I copied text from a PDF file in bash - vi and I get lines like this:

echo <93>The Hypotenuse is $hypotenuse<94>

I tried to change that in vi by:



E486: Pattern not found: <93>

And by sed:

sed 's/'`echo "\093"`'/"/g' par.sh


sed 's/'`echo "\094"`'/"/g' par.sh


sed 's/\<93\>/\"/g' aa.sh
echo В“The Hypotenuse is $hypotenuseВ”

Could you tell me what I should use?

  • Your vi approach should have worked. If it didn't, you have non-printing characters. Could you show us the actual file?
    – terdon
    Jun 24, 2015 at 13:04
  • If you are using a terminal emulator that supports colors, make sure that the <93> stuffs are not colored in vi. If they are, they must be hex-encoded unprintable characters. And your approach using echo is badly wrong -- You should use -e for backslash escapes, and \0oo is actually octal. The final resulting command would be sed -i.bak -e s/[$(echo -e '\x93')$(echo -e '\x94')]/\"/g par.sh. Jun 24, 2015 at 13:13

4 Answers 4


In vi you need to enter the key sequence for each of the 2 special characters, not the ascii chars for their display (if you place the cursor on them you'll see the entire ascii sequence is highlighted):

  • Ctrl+v, x, 9, 3 instead of <93>
  • Ctrl+v, x, 9, 4 instead of <94>

So the search cmd would look something like this:

:%s /Ctrl+v, x, 9, 3/"/g


With sed, you can use literal characters:

sed -e 's/”/"/g' -e 's/“/"/g' file

or using perl with Unicode code point:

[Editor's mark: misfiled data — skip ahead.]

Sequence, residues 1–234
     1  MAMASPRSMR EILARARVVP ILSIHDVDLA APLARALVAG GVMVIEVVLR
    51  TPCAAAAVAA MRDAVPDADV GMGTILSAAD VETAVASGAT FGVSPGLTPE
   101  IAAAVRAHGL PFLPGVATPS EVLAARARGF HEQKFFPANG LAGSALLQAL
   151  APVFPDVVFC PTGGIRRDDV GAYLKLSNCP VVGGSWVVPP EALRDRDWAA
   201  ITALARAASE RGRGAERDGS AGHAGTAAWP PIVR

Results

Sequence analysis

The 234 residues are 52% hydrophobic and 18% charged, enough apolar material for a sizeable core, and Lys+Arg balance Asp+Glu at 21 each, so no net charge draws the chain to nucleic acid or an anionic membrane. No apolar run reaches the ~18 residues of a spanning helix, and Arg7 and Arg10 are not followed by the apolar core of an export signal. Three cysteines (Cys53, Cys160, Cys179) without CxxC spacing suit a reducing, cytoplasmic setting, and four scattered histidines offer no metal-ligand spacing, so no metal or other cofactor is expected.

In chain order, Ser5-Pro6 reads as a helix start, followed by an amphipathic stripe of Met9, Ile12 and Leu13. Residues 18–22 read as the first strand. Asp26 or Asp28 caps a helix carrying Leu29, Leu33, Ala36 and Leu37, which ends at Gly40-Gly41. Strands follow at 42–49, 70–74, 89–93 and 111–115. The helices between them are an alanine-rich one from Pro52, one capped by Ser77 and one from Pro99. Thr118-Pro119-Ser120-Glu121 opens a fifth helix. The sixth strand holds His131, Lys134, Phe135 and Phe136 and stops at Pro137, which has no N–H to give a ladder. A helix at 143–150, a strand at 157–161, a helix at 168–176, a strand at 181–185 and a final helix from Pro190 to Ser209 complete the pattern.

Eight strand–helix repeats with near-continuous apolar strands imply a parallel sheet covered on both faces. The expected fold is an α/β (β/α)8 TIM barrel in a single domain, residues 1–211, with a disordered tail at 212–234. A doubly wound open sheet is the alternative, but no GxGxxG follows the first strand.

perl -CSD -pe 's/\x{201C}|\x{201D}/"/g' file
  • $ sed -e 's/”/"/g' -e 's/“/"/g' aa.sh > a.sh $ more a.sh echo В"The Hypotenuse is $hypotenuseВ"
    – avsun
    Jun 24, 2015 at 13:24
  • @avsun: So does it work for you?
    – cuonglm
    Jun 24, 2015 at 13:29
  • I have success with it only in vi, by sed I have an issue because <93> in sed looks like B”
    – avsun
    Jun 25, 2015 at 11:32

This is another way but using perl.

perl -i.bak -pe 's/[^[:ascii:]]//g' file
  • The -i flag creates a backup of the original file.

Found a similar question in StackOverflow, this solution worked:

iconv -f cp1252 -t utf8 inputfile.csv > outputfile.csv

Short explanation- the characters are coming in cp1252 encoding, you can convert it to utf8.

  • Please consider adding a link to the SO question/answer, to help the OP and other readers fully understand.
    – 0xSheepdog
    Jul 4, 2019 at 17:07

You must log in to answer this question.

Not the answer you're looking for? Browse other questions tagged .